For a long time the dominance of two major players in Australia’s telecommunications market has deterred competition and hindered innovation in the telco retail sector. There has been no incentive to disrupt the market, or to drive growth and it’s meant that consumers have little bargaining power to influence the terms of their contract and are settling for second best.
Where Australia has been a pioneer in so many technology fields, our lack of foresight in this arena means we have fallen a long way behind the rest of the world.
In Europe and the US, consumer pressure and new market entrants have forced traditional telcos to simplify and streamline their business models to keep consumers happy and remain competitive. This is where Australian telcos are failing their customers. Their business models haven’t changed in a decade and the industry is hamstrung by out-dated ways of working.
Hanging on to obsolete practices
Today we see far too much capital and operating expenditure is still tied up in traditional retail stores which the major telcos use to on board and service their customers. This model has kept the cost of doing business far higher than the rest of the world and made it near impossible for operators to offer good value packages to consumers.
The average Australian is using just 200 minutes of voice, 100 SMS and under 500mgbs of data per month which consumers can buy pre-paid for around $25. Yet with their high in store expenses, the big players can’t compete with this price and instead use bundled Cap Plans to prop up their investment in expensive retail.
Where Cap Plan pricing models were once popular across the world, Australia is now one of the only developed markets to get away with these packages which are ripping off consumers.
Consumers remain unaware that telcos are profiting heavily from low utilisation of cap plans. They are confusing customers to think that they need these plans and disguise the high price through the offer of a device, when in fact they could be saving 50 per cent of what they are currently paying.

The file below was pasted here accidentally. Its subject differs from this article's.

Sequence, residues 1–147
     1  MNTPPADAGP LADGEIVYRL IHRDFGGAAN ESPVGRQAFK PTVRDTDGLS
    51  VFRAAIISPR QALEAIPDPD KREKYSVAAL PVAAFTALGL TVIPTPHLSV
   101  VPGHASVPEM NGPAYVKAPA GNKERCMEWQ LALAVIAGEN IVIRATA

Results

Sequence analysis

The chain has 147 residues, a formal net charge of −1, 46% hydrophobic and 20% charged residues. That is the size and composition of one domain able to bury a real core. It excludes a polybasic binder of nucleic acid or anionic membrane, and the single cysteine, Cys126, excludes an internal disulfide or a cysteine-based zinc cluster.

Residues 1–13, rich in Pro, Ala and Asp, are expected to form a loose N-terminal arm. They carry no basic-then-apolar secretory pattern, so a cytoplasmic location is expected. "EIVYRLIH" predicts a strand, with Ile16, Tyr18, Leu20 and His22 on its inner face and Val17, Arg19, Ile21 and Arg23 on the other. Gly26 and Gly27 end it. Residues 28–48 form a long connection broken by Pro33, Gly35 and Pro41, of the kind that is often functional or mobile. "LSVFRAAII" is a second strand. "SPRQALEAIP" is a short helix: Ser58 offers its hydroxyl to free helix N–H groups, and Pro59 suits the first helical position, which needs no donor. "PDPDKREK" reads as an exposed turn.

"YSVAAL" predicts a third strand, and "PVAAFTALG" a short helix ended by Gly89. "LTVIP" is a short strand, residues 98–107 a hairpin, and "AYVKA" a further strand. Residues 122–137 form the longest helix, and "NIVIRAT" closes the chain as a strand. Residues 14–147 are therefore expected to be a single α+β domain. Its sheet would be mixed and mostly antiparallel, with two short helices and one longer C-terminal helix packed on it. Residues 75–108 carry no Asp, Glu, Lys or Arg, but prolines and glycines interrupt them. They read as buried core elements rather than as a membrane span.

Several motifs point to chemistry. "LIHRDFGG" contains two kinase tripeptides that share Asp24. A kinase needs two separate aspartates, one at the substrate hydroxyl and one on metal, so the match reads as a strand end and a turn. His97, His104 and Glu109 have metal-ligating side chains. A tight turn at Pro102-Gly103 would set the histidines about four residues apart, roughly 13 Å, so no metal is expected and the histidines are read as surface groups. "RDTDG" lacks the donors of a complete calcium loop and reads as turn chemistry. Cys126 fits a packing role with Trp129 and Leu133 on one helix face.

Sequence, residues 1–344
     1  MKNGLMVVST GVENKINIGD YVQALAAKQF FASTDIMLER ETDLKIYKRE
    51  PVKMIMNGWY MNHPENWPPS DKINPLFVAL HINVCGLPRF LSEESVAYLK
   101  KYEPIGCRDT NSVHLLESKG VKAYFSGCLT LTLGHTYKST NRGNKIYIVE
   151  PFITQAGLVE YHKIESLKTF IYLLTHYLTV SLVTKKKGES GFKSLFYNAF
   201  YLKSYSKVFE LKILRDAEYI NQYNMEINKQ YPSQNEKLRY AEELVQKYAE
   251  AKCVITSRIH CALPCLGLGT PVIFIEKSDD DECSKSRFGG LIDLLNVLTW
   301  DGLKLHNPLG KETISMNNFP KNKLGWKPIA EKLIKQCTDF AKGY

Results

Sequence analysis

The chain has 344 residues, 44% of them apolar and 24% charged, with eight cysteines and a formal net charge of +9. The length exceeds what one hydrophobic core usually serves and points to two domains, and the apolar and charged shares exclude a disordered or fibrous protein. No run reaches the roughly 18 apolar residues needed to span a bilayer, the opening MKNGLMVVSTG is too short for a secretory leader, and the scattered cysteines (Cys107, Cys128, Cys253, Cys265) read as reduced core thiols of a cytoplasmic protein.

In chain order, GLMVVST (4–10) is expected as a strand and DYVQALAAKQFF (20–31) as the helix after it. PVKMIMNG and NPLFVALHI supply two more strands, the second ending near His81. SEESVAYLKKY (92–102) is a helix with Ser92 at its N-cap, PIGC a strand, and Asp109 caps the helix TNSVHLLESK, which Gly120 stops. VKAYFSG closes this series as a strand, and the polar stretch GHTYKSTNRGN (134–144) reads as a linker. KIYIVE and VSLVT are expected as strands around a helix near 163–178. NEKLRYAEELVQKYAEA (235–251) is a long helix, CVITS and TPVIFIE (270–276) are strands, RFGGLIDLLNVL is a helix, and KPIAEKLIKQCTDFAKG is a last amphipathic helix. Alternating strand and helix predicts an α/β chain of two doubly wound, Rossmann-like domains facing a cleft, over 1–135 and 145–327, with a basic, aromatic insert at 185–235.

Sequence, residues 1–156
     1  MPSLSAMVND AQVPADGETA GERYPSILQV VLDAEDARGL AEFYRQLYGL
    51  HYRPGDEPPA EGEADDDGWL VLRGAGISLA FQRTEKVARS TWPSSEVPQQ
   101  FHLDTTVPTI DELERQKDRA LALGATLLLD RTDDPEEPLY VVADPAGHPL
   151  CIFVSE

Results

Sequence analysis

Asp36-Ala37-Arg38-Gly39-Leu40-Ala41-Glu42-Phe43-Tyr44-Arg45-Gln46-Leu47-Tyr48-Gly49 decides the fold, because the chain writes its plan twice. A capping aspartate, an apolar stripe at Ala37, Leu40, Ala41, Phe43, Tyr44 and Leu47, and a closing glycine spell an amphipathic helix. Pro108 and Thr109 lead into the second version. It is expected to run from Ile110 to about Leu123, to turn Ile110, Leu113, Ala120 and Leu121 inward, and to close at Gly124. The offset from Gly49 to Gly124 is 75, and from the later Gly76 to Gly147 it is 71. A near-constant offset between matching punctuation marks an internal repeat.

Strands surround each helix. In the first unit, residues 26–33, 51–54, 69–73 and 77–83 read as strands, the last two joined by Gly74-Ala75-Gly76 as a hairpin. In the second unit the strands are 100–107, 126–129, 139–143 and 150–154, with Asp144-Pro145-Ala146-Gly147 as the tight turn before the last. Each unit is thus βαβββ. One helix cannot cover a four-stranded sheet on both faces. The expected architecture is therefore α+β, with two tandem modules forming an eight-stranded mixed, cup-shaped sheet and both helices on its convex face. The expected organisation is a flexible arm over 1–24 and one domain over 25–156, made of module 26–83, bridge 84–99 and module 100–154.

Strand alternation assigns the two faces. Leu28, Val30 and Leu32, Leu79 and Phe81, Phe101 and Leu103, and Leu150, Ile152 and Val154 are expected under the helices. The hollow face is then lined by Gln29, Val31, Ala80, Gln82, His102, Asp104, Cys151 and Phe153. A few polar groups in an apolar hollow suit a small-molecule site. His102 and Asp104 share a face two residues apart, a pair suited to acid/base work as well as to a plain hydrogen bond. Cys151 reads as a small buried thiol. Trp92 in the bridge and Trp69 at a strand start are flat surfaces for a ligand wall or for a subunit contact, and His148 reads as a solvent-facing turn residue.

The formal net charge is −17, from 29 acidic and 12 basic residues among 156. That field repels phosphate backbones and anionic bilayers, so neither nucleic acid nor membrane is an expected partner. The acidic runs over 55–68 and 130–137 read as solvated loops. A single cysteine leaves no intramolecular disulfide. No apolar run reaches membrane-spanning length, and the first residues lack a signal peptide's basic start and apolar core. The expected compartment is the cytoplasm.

No one is being educated to understand what is going on here. Consumers think they are getting more than they actually are and the vast majority don’t need the plans they are currently on.
Calling for change
The industry is very ready for a shake-up. It’s time we disrupt the status quo in traditional markets with a new business model that empowers consumers to make informed choices, demand change and re-gain control over their consumption. We know that Australian consumers want a plan that meets their needs, they want the flexibility to change it and they don’t want to be locked in for 24 months.
To hold on to their customers, the major telcos need a fundamental shift in the way they do business. Telcos need to simplify their proposition and become more transparent so customers understand what they’re paying for and have the control to personalise their plan. This self-service system will in turn limit the need for people to contact customer service and reduce their overheads.
We need to stop the trend of Australian consumers paying for services they don’t need or use. Consumers need to demand a plan that meets their requirements, with the flexibility to change it and not be locked in for 24 months. Consumers need to shout more loudly in order to create the change which is so desperately needed in the Australian telco market.
Andy Taylor is the CEO and founder of Yatango